The 90s was a decade of turmoil because of the political change in the Republic of Moldova. How is this reflected in the private photos?
The photographs taken during the 1990s primarily depict the ambiance of that time, familial connections, impoverished living conditions, the everyday life of individuals, and lastly, the fact that everyone was present at home and not traveling abroad. In the private photos from that period, we can see many socio-economic, cultural, and political problems that have worsened over time. Politicians’ decisions directly affected family relationships, the workplace, rather the lack of it, and most of all, in my opinion, the cultural patrimony of our country.
What is the attitude toward preserving objects and traces of the past in the country?
The Republic of Moldova is currently experiencing a state of crisis that is ongoing, and the livelihoods of its inhabitants are heavily reliant on the financial assistance provided by the European Union. Due to these ongoing crises, culture and heritage are not a top priority for politicians and ordinary citizens who are dealing with numerous problems. In my opinion, the responsibility for preserving cultural heritage should fall on the state, but it is unlikely that the government has the financial resources to do so. Our project aims to rescue a portion of the photographic heritage by utilizing our resources and donations to travel through villages and promote the importance of digitizing, preserving, and promoting photographs. We often come across photographs in poor condition—moldy, torn, stained, and sometimes left behind in abandoned houses. Even photographs taken as recently as the 1990s and 2000s show significant signs of wear and tear, requiring restoration through Photoshop—a task that I never anticipated.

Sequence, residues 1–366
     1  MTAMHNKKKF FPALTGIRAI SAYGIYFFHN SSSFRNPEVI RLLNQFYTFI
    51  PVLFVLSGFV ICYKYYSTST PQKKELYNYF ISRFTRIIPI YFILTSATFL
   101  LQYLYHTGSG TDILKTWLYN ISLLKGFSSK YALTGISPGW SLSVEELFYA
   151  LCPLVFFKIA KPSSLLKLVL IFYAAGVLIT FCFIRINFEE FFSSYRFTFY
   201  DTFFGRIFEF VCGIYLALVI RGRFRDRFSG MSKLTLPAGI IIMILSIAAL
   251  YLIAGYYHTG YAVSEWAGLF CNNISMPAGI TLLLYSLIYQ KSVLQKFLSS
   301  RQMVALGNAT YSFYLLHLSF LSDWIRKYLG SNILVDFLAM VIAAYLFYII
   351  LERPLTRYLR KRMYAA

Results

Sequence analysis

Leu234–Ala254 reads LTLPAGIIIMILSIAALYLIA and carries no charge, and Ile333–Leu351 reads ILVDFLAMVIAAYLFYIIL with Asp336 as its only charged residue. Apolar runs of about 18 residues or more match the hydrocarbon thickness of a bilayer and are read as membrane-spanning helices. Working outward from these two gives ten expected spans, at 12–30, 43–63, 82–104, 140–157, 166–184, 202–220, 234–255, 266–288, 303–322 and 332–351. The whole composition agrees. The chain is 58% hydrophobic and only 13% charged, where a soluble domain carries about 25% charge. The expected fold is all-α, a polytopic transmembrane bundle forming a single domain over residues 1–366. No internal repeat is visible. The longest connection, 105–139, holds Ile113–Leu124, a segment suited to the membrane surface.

Why did you choose the name Rama Albastră, which means Blue Frame?
I chose the name of the project Rama Albastră (Blue Frame) after a friend brought me a photo in a blue frame from an abandoned house. And I remembered that I have seen such kinds of blue frames in different regions of the country. I found that many old photos were kept in white, green, and black frames but most of them had a blue color. Now I’m happy that I chose this name for such a project.
What are your plans for the future? Do you have a photo book, an exhibition or a website in the works?
In the future, we intend to arrange seven distinct exhibitions of photographs in seven Moldovan towns, which are positioned in the north, center, and south. We can combine them to form a tourist route. Concurrently, we plan to visit many localities to gather pictures, so that we can create a website where everyone can have free access to view them. We also aspire to create a photo book, but currently, we do not have enough images. We have nearly 6000 photos, but we desire to publish only the most unique and valuable ones that hold artistic, cultural, and historical significance in the album. Our main goal is to promote photography as an art form, a historical record, and a national legacy in the most varied ways that can be possible.